Last Wednesday Todd from the Lester Senior Housing facility called my mother to say that a two bedroom apartment had become available and did she want it? She immediately called me to say that I should call Todd to find out what he wanted.
“Mom”, I said, “You know what he wants. He wants to know if you want to move into the complex.”
“Just call him. I couldn’t talk to him.”
We have been on the waiting list a this lovely independent living apartment house for almost a year. We were told that they never know when an apartment would be available until the last minute. This means that when someone dies they find someone on the list to take their place. I called Todd and asked how fast we had to make up our minds. “Immediately!” He was adamant about that. “I have 90 people on the list and I’ve been making calls all day, but your mother is at the top so you get first crack.”
“That presents a bit of a problem”, I said. You see my mother’s phones are bad. It must have been the rain. So I can’t really discuss anything with her until I see her on Friday. Can you wait that long?”
“I’ll try, ”he answered. “But so many people want to be here I can’t make any guarantees.”
What I didn’t say was that I couldn’t talk to my mother because she wouldn’t put on her God Damn hearing aide. I didn’t want him to know that she was as deaf as she is stubborn. I called her back and said that I would be there on Friday and we could discuss it. She said,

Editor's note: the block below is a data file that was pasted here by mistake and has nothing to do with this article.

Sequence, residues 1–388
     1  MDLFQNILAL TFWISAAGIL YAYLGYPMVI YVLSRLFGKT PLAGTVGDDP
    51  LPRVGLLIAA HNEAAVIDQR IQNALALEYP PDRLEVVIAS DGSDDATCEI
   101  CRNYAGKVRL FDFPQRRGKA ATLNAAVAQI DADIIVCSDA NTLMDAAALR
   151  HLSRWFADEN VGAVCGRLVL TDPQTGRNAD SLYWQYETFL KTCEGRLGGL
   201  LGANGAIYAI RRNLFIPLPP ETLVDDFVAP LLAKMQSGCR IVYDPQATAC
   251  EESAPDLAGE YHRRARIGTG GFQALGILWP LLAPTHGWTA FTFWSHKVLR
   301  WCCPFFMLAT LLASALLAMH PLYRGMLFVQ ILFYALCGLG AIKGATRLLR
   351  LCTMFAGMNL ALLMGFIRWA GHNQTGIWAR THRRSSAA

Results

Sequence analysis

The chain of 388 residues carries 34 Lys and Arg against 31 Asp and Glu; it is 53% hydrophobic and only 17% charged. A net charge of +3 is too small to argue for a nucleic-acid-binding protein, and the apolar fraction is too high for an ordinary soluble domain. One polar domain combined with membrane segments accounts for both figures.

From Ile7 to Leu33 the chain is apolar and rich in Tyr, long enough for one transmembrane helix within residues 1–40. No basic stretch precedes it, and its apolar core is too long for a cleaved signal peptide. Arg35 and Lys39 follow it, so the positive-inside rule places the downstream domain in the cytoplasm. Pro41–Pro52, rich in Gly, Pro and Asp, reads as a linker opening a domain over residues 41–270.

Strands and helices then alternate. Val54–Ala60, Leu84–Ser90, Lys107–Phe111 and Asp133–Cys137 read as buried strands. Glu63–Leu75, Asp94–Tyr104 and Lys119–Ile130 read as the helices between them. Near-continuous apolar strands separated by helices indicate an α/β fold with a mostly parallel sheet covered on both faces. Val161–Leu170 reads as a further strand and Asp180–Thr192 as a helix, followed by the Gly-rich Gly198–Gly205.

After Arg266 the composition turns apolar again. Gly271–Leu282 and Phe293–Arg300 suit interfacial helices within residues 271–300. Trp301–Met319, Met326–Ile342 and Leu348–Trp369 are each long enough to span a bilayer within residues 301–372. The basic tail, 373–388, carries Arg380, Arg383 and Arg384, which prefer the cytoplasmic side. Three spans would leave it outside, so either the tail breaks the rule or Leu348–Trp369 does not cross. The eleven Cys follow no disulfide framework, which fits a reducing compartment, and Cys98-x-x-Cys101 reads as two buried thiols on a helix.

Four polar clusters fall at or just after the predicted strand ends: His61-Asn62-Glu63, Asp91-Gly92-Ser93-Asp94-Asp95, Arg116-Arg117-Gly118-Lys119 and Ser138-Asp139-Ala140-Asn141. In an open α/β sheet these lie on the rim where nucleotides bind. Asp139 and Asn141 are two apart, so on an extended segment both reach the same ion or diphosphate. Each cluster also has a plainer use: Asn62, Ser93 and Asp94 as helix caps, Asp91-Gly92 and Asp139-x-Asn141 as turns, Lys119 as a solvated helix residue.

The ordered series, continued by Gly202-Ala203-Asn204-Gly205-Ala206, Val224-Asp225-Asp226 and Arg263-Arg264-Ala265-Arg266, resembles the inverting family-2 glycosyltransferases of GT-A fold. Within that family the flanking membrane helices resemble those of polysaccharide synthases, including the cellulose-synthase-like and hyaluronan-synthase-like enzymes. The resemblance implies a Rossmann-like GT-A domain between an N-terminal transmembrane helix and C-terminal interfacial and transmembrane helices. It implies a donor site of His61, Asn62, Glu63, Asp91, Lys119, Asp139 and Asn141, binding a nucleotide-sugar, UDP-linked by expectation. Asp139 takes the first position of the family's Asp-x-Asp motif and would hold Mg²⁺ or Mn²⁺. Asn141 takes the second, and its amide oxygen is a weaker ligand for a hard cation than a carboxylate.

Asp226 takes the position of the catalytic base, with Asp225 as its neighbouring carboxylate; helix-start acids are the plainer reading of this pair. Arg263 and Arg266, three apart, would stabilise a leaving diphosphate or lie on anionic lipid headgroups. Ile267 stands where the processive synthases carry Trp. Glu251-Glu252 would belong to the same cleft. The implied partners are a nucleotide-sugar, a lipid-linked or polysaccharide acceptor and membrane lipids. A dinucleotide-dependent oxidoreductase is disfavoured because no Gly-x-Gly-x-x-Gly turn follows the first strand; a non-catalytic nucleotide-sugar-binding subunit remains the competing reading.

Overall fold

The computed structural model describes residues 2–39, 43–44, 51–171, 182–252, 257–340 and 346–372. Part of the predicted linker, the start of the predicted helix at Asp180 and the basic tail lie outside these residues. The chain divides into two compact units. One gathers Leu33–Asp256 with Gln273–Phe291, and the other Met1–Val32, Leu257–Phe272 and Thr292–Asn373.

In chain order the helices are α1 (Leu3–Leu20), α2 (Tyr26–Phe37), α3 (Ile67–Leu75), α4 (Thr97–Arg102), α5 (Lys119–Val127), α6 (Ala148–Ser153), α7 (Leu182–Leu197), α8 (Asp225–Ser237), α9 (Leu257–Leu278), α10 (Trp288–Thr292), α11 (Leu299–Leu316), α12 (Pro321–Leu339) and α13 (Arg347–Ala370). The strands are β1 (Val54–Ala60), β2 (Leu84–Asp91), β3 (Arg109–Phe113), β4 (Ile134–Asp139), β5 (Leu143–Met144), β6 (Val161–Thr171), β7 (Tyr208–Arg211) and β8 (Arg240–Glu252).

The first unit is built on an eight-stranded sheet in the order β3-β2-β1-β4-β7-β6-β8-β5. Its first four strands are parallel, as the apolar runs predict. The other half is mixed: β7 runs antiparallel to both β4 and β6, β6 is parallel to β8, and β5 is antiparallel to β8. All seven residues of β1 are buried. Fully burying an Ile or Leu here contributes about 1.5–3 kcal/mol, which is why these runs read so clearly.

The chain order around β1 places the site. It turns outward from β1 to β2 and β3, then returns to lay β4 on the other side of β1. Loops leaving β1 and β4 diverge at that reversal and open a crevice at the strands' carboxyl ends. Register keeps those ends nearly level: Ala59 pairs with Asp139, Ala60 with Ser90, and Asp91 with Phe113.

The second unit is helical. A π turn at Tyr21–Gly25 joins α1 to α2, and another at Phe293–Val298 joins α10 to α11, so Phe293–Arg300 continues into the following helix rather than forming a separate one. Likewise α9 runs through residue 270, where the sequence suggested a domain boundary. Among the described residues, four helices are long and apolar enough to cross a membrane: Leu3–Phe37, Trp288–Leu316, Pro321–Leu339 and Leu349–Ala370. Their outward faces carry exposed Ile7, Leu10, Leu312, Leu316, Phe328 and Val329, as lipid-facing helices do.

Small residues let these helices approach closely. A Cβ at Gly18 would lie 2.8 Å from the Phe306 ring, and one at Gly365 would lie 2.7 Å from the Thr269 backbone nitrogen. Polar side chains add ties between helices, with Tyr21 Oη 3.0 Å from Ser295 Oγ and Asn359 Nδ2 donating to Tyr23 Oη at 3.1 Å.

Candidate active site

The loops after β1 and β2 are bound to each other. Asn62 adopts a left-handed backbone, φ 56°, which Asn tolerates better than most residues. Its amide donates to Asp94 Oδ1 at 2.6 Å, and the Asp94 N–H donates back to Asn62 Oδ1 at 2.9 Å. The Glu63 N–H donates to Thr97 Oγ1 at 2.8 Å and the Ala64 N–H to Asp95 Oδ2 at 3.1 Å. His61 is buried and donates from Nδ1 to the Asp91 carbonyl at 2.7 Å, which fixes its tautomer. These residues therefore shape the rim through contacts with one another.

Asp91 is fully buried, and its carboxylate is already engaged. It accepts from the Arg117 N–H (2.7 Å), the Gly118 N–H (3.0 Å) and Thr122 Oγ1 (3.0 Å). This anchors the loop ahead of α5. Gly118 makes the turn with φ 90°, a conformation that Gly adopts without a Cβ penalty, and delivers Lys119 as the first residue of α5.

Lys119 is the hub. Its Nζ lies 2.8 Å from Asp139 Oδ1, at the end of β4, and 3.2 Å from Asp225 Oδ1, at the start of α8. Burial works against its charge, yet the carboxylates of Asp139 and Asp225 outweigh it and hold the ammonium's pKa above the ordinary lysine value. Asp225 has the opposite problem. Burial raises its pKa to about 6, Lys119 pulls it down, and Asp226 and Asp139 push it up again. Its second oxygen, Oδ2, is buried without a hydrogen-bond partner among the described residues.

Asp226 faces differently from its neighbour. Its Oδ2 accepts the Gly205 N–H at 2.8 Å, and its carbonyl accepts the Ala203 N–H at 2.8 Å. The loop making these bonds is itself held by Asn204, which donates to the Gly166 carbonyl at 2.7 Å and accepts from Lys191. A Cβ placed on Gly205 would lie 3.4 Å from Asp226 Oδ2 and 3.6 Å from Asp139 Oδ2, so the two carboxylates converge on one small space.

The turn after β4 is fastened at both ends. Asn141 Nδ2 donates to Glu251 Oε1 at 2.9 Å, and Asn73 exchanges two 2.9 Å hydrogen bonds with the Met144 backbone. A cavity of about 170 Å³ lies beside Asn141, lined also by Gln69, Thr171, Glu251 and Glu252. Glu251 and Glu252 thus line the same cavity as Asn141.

“There’s nothing to discuss.” And hung up.
Neither my mother nor any of her sisters ever said goodbye before they hung up so this was not unusual. But I was curious about what there wasn’t to discuss. I called back.
“Okay mom” I said trying not to seem too interested, “What aren’t we going to discuss and why?”
“Nothing, I’m not going anywhere.” She hung up again.
There is hardly a baby boomer alive who is not dealing with parent problems. ( Those involving mothers and daughters are particularly complex). It’s a new phenomenon because our grandparents died before they got old enough to make our parents miserable. But thanks to the wonder of new drugs and advanced technologies, our parents are alive and well… around. There are those of us have to deal with parents who are sick, have Alzheimer’s, are disabled, or just fragile. Some of our parents are well enough to be independent but not alone. A few of us chose to be older parents so we’re sandwiched between demands from our children and their grandparents. Each requiring inordinate attention, emotional dependence and financial resources. The situations are endless and vary, and Like Vietnam , they unite us as a generation, and are universally not good.
My mother had seven sisters and a brother. Only her twin is still alive. They will be 86 in October. When their parents got old and sick there were eight siblings to pitch in and make sure the quality of my grandparents last years were wonderful. In addition, when my aunts and uncles got old and sick they all took care of one another. No one ever went to any kind of an institution. That would have been as embarrassing and as unacceptable as eating in a restaurant on Thanksgiving. It just wasn’t done in our family. My mother has the same expectations but there is no one left to do everything she wants done. It wouldn’t matter. No matter how much is done, it is never enough.